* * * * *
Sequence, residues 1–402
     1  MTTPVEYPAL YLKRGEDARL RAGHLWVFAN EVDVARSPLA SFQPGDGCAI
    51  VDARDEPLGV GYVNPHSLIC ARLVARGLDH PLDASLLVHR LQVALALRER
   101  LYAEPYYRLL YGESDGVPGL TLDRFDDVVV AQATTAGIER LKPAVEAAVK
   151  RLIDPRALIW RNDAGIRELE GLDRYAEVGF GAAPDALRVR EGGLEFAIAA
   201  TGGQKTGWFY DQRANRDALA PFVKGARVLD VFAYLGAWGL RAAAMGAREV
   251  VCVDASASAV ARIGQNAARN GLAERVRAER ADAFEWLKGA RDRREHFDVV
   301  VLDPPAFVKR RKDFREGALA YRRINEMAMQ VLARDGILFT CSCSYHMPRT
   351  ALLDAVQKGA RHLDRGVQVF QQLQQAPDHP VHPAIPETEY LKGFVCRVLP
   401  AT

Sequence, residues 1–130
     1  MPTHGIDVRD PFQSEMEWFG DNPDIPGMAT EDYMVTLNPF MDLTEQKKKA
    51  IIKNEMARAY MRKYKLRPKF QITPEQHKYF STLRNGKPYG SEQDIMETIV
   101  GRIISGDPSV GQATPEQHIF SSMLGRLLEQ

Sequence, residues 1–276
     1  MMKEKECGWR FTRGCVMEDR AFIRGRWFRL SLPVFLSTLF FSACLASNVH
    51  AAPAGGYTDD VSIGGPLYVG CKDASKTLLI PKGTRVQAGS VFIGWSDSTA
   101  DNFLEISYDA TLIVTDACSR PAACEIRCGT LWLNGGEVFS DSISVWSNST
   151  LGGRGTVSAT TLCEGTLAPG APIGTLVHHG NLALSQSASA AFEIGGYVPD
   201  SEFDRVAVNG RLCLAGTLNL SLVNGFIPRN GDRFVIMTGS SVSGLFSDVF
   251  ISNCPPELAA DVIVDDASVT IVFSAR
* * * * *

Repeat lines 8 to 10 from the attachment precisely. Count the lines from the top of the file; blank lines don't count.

   301  VLDPPAFVKR RKDFREGALA YRRINEMAMQ VLARDGILFT CSCSYHMPRT
   351  ALLDAVQKGA RHLDRGVQVF QQLQQAPDHP VHPAIPETEY LKGFVCRVLP
   401  AT